One day many years ago, being of vague musical talent, I found myself with one or two others as the entertainment at the Christmas get together for a social gathering of older folk at the church I attended. The format was quite simple. Some festive thoughts and reflections interspersed with musical interludes followed by turkey dinner with all the trimmings. As far as I can remember the suitably festive theme running throughout the various reflections was that the opportunity to serve Jesus can come in the most unlikely of guises. They even read that poem – the one where someone has their house all spruced up waiting for Jesus to come and when various other people appear at the door – a tramp, a refugee, a single mother with a small baby – they are refused entry because the owner is waiting for his special guest, not realising that in choosing to help these ones he is choosing to serve Christ.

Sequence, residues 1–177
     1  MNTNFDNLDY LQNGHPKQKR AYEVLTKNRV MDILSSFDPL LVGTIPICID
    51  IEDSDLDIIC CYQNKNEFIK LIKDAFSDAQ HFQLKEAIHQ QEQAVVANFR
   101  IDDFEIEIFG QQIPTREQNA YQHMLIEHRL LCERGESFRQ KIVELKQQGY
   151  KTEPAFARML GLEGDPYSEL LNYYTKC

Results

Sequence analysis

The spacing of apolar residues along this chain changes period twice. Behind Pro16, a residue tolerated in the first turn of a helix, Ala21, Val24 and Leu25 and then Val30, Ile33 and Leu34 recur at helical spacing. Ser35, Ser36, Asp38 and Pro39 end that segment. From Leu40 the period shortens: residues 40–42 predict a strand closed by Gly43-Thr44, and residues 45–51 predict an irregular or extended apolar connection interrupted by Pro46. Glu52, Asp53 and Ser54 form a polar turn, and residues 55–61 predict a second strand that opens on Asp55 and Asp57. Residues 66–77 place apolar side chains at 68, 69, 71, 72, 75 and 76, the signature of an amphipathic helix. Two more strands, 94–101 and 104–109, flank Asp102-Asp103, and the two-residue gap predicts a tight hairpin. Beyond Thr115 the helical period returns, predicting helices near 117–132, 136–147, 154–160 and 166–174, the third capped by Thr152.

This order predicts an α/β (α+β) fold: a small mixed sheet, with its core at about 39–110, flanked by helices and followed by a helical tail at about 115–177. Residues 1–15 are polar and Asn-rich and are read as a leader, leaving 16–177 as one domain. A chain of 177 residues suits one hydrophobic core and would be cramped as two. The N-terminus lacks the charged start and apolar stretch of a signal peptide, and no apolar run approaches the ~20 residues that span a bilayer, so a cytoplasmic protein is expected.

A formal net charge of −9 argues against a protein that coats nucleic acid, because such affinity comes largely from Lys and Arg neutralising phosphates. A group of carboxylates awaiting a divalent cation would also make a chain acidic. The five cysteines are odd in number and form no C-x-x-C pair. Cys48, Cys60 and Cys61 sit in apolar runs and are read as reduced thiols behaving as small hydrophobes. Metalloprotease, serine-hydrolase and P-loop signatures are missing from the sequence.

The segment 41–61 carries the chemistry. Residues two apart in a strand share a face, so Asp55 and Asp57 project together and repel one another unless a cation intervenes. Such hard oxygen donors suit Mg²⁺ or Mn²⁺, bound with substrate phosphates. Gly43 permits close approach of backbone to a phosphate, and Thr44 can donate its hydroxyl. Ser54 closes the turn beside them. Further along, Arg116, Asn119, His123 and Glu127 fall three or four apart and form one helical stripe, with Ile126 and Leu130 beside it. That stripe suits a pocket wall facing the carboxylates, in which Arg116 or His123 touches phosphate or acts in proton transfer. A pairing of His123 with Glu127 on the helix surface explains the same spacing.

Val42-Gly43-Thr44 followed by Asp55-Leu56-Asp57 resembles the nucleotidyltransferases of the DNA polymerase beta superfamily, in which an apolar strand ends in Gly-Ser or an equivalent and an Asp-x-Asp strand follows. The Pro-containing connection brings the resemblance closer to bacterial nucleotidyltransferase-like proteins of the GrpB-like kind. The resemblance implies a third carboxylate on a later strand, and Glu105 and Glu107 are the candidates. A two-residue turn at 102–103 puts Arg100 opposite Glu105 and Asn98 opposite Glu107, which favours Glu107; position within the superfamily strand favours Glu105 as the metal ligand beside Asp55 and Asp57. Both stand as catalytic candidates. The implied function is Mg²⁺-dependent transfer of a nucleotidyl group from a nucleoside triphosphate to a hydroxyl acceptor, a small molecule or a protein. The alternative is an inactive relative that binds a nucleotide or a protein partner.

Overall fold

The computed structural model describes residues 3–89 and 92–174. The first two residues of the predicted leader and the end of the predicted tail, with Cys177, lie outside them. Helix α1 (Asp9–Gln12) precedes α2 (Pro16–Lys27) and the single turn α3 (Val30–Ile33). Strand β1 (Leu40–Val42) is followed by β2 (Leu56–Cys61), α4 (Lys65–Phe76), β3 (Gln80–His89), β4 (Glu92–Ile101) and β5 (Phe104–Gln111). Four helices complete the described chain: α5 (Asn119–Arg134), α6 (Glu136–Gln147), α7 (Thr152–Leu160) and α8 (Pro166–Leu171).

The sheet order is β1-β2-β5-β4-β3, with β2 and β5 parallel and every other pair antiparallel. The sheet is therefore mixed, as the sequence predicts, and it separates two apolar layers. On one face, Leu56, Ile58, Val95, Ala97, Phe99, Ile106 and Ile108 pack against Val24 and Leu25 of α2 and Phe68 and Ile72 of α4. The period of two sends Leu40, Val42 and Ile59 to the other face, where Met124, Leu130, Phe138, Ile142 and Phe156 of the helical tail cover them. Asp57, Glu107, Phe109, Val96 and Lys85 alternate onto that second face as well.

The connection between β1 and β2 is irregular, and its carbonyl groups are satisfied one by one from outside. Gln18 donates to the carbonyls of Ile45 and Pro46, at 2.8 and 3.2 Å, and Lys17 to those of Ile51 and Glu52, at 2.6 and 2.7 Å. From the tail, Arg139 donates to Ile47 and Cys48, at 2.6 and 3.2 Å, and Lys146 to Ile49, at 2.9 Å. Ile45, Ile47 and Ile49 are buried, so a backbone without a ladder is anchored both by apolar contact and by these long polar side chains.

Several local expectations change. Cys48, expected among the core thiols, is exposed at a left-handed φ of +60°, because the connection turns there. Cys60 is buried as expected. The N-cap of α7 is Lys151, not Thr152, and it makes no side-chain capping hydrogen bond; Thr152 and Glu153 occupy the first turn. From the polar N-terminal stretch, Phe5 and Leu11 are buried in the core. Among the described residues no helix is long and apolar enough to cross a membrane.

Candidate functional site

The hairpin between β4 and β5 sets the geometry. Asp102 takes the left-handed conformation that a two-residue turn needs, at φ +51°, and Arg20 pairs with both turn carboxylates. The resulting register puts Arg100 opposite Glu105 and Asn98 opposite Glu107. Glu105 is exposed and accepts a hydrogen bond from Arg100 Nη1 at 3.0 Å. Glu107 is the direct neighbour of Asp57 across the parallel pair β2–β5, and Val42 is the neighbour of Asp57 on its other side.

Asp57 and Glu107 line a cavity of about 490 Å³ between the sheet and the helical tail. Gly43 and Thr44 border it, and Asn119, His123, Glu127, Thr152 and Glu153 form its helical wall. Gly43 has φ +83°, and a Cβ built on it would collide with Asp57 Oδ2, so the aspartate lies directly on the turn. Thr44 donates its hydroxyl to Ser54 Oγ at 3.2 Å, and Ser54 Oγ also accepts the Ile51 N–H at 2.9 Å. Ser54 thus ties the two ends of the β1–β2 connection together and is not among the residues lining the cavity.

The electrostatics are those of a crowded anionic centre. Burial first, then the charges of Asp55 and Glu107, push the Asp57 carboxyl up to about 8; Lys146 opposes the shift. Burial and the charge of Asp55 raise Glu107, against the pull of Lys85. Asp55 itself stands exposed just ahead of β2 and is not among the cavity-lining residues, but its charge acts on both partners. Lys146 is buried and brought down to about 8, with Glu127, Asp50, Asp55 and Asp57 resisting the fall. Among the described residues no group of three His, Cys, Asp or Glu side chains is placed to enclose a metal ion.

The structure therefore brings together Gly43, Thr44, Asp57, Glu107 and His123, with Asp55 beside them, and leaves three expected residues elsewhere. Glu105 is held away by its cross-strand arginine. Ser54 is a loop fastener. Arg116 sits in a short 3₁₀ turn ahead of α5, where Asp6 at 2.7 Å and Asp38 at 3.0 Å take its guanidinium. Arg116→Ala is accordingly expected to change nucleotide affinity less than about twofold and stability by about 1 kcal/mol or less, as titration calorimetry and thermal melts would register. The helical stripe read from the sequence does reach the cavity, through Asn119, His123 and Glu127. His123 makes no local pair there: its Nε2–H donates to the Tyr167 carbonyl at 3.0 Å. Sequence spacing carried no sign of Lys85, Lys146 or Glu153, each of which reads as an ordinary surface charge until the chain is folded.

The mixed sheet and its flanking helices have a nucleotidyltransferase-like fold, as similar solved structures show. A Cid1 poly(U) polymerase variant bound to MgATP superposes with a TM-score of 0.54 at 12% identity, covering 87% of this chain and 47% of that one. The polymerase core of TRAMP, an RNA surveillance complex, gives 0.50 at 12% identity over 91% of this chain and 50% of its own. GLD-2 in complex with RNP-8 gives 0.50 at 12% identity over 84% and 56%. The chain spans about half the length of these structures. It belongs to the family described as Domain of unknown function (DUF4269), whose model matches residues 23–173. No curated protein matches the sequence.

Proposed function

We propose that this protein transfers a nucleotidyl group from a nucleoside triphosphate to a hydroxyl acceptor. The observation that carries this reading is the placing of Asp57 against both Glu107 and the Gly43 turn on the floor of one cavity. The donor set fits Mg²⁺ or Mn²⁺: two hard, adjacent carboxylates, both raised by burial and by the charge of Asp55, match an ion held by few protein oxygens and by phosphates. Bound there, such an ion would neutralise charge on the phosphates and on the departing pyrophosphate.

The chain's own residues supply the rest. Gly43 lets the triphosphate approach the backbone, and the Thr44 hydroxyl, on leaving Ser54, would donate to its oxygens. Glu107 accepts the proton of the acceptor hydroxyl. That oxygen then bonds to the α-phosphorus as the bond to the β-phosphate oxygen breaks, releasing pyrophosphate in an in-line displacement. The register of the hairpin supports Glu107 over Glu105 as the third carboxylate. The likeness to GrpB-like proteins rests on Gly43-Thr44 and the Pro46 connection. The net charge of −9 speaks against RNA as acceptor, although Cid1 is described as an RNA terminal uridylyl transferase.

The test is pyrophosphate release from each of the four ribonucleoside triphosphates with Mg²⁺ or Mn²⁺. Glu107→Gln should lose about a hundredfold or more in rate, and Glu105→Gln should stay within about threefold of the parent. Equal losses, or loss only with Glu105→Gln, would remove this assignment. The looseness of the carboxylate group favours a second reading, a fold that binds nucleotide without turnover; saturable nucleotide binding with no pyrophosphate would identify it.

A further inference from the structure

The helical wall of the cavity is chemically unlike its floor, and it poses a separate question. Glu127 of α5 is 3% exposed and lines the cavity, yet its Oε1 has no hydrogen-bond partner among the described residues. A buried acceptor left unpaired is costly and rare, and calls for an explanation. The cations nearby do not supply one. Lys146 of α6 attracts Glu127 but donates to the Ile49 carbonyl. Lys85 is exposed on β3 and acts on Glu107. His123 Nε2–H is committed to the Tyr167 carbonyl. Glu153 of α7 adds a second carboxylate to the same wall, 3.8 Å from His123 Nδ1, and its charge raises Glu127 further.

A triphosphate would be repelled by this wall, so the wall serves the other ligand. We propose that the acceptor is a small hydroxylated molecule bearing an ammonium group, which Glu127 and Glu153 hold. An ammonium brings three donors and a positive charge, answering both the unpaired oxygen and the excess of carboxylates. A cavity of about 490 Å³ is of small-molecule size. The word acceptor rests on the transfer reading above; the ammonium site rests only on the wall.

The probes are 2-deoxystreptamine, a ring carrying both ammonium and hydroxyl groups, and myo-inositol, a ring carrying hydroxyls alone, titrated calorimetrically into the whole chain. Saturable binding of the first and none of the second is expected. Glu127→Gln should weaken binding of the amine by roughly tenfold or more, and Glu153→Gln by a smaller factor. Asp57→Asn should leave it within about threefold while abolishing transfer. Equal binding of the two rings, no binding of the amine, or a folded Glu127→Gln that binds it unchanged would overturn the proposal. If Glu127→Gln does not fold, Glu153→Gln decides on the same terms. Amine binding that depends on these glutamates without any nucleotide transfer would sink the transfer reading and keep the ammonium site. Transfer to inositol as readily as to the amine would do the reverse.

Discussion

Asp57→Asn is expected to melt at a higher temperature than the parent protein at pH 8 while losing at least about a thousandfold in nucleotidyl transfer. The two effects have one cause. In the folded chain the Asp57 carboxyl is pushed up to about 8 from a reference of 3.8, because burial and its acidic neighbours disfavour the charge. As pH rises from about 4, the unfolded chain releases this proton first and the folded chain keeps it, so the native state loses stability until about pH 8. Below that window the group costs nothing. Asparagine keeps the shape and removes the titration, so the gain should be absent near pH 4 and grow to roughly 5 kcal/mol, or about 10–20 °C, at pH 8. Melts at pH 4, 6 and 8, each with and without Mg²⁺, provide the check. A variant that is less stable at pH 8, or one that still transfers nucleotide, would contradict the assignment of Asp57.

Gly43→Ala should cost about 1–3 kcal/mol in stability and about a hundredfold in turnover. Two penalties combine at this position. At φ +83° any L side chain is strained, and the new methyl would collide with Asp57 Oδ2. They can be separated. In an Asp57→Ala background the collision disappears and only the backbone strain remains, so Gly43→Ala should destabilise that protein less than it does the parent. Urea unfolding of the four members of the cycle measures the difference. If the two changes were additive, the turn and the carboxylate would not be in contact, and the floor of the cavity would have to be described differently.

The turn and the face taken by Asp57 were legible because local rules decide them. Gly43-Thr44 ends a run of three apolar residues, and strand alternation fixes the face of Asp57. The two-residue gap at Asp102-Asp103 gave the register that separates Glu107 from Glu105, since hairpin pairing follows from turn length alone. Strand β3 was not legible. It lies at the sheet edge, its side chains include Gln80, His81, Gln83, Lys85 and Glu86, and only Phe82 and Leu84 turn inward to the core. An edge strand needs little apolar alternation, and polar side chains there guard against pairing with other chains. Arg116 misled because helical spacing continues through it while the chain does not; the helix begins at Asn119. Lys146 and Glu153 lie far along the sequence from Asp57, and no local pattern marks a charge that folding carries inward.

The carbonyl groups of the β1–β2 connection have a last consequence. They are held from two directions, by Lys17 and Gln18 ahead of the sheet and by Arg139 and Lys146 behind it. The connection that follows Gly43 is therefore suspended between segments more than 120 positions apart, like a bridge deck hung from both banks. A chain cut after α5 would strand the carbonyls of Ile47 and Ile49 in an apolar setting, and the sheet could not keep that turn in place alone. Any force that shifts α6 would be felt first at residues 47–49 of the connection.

With a warm and cosy glow we moved from the ‘coffee bar’ to the main hall where dinner would begin. We weren’t long tucking into our turkey when a cry of alarm was heard from the corridor outside. The cause of the distress? The town drunks had found their way in to the church halls and at that very moment were making their way in to the coffee bar where those dining had left all their belongings. With a great rush (it’s amazing how fast the older generation can move when needs must) places were left mid-forkful amid hushed indignant tones (‘they stole my umbrella once you know’) as an exodus ensued to the coffee bar to rescue valued items (like umbrellas I assume).
I was a student so probably didn’t own anything of value anyway but as the scene unfolded dinner seemed to stick uncomfortably in my throat. The irony of the situation seeemed to have been lost on everyone else as they gathered up their precious things and in my mind missed the point of all that had gone on before. Also being a student I was of course very principled and so made my excuses and left before dessert arrived. As I was leaving I noticed that the two newcomers had been brought in to another room and quietly dinner had been offered away from the other guests.
I don’t know why this particular scene has stuck in my mind. The indignation of youth perhaps, or a nagging thought that my self-righteousness about the incident is somehow mispalced… a recognition that in my own life I often have no room for the ones, or the One, who deserve it most.